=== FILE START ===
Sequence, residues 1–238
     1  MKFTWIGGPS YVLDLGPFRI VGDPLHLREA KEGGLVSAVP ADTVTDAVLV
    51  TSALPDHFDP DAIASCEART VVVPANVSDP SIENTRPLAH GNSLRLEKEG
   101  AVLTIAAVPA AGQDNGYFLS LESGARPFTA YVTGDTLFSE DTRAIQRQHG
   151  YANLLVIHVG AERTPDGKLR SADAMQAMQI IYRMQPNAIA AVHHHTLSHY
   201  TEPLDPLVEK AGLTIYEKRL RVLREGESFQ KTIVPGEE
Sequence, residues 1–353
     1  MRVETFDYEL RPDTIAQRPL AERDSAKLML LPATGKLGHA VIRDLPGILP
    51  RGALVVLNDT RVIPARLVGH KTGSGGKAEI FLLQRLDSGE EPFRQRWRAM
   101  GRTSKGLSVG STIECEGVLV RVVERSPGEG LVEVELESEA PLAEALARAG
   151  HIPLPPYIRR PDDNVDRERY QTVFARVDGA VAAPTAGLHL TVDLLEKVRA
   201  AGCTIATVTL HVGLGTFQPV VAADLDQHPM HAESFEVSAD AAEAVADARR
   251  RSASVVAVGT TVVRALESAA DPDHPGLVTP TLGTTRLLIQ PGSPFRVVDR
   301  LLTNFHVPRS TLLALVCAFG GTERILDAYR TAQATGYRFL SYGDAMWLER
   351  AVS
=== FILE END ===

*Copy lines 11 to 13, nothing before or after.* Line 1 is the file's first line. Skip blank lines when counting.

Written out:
   151  HIPLPPYIRR PDDNVDRERY QTVFARVDGA VAAPTAGLHL TVDLLEKVRA
   201  AGCTIATVTL HVGLGTFQPV VAADLDQHPM HAESFEVSAD AAEAVADARR
   251  RSASVVAVGT TVVRALESAA DPDHPGLVTP TLGTTRLLIQ PGSPFRVVDR